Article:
Topics in American Art since 1945

By Lawrence Alloway | Go to book overview
Save to active project


A Chronology

The Reuben Gallery (at both its addresses, 61 4th Avenue and 44 East 3rd Street) was one of a number of downtown galleries, important in New York in the 50s, for showing new, experimental, or unfashionable work. This is not the place for a history of them, but reference to a few helps define the position of the Reuben Gallery. Allan Kaprow and George Segal came from the Hansa Gallery (the word compounded from Hans Hofmann's Christian name and the Hanseatic League), a cooperative gallery that ran from 1952 until the close of the 1958-59 season. Red Grooms used successive studios as a gallery: first the City Gallery (1958-59 season), then the Delancey Street Museum (1959-60 season), which coincided with the Reuben's first season. The Judson Gallery, including Dine and Oldenburg, paralleled the opening of the Reuben Gallery, and then, subsequently, joined it. There was, as these examples show, an easy contact between artist and gallery, an affinity between the act of production and the act of presentation, which was very different from the regular marketing or promotional activities of art dealers.

Pop art, used as a comprehensive term, includes most of the Reuben Gallery artists. However, their early work and personal developments are entirely different from other artists called Pop, such as Andy Warhol or Roy Lichtenstein. There was, for instance, a strong expressionistic undercurrent to much of the work shown there. They are different again, despite a connection with John Cage in Kaprow's case, from Jasper Johns or from Robert Rauschenberg. To the extent that there is a Reuben Gallery style, it existed momentarily and was unevenly manifested in different artists. However, there was a shared quality which is

SOURCE: From Eleven from the Rueben Gallery (New York, 1965), unpaginated, the catalogue of the exhibition at the Solomon R. Guggenheim Museum.


Notes for this page

Add a new note
If you are trying to select text to create highlights or citations, remember that you must now click or tap on the first word, and then click or tap on the last word.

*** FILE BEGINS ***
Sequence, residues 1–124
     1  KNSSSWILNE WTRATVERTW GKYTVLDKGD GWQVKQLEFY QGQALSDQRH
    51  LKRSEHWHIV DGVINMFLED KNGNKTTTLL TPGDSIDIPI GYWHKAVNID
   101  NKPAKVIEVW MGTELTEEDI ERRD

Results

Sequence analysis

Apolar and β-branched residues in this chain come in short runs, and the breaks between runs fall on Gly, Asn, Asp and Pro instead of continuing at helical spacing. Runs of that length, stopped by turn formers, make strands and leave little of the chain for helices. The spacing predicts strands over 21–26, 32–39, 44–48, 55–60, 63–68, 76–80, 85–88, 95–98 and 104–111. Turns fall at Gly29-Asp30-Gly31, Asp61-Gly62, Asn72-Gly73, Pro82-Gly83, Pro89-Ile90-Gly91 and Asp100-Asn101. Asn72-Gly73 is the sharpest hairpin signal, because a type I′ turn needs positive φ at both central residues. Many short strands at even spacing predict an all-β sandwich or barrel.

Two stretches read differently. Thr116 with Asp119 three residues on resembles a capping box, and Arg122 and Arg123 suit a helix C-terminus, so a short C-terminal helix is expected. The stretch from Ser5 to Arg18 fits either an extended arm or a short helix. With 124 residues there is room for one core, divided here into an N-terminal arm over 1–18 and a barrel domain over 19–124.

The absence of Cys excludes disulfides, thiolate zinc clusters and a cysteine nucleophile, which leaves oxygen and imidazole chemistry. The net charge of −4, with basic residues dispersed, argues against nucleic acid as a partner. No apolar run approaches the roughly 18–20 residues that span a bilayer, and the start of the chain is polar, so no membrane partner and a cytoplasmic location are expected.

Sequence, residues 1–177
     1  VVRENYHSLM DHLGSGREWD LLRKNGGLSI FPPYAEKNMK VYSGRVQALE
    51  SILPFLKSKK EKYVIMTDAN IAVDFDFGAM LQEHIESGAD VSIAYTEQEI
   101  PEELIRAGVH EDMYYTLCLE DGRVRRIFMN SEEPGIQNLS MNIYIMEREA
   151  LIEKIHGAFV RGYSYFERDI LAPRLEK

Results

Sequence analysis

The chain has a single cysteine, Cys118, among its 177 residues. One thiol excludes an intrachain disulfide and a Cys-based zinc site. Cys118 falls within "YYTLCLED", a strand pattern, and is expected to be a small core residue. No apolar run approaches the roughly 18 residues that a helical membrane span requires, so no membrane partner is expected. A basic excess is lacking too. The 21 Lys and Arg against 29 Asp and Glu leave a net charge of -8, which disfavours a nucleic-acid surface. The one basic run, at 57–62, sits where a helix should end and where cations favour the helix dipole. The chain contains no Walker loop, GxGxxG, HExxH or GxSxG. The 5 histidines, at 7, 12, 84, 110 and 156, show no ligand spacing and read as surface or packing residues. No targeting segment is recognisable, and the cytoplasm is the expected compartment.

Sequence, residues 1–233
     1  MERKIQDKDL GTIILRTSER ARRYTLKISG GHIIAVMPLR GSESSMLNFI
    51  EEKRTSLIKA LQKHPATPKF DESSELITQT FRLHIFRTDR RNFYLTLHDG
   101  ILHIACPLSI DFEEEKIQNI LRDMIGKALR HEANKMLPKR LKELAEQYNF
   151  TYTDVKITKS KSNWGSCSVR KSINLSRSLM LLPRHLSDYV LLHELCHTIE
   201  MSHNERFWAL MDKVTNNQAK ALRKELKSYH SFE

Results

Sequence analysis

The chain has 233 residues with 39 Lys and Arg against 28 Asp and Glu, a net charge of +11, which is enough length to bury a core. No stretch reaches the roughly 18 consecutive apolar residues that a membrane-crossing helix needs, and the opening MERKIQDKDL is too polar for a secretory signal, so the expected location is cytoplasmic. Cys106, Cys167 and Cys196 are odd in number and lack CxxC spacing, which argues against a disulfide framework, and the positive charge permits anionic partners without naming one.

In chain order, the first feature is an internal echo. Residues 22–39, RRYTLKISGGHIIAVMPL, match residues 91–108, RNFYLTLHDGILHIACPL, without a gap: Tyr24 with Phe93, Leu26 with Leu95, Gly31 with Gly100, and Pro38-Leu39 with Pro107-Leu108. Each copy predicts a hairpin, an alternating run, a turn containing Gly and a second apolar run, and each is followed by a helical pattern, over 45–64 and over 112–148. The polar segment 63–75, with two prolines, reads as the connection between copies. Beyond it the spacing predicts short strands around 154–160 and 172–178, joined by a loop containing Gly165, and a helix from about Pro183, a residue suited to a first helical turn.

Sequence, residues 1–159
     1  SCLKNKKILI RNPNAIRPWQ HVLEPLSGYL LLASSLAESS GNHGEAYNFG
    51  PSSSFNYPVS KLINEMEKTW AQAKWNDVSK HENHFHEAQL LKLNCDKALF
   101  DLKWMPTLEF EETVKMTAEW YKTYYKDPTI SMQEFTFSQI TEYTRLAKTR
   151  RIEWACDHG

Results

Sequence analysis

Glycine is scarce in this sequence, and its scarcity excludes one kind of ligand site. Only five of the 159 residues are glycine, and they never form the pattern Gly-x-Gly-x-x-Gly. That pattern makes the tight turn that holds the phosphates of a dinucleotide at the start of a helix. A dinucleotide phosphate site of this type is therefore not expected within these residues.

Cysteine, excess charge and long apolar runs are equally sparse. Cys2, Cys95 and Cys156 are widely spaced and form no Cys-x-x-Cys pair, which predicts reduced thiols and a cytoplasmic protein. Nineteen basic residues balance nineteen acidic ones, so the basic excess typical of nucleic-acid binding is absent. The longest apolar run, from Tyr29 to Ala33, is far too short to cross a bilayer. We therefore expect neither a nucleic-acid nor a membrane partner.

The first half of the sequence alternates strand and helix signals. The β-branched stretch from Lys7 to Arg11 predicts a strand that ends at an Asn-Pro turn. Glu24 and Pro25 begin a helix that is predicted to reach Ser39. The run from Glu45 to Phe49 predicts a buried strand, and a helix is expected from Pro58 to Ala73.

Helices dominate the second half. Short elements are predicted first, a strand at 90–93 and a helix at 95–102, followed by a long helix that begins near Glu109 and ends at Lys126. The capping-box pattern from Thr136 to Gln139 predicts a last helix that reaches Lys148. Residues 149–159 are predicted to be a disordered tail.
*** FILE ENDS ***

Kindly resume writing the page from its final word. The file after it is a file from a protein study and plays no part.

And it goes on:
Loading One moment ...
Project items
Cite this page

Cited page

Citations are available only to our active members.
Sign up now to cite pages or passages in MLA, APA and Chicago citation styles.

Cited page

Bookmark this page
Topics in American Art since 1945


Text size Smaller Larger
Search within

Search within this book

Look up

Look up a word

  • Dictionary
  • Thesaurus
Please submit a word or phrase above.
Print this page

Print this page

Why can't I print more than one page at a time?

While we understand printed pages are helpful to our users, this limitation is necessary to help protect our publishers' copyrighted material and prevent its unlawful distribution. We are sorry for any inconvenience.
Full screen
/ 283

matching results for page

Cited passage

Citations are available only to our active members.
Sign up now to cite pages or passages in MLA, APA and Chicago citation styles.

Cited passage

Welcome to the new Questia Reader

The Questia Reader has been updated to provide you with an even better online reading experience.  It is now 100% Responsive, which means you can read our books and articles on any sized device you wish.  All of your favorite tools like notes, highlights, and citations are still here, but the way you select text has been updated to be easier to use, especially on touchscreen devices.  Here's how:

1. Click or tap the first word you want to select.
2. Click or tap the last word you want to select.

OK, got it!

Thanks for trying Questia!

Please continue trying out our research tools, but please note, full functionality is available only to our active members.

Your work will be lost once you leave this Web page.

For full access in an ad-free environment, sign up now for a FREE, 1-day trial.

Already a member? Log in now.

Are you sure you want to delete this highlight?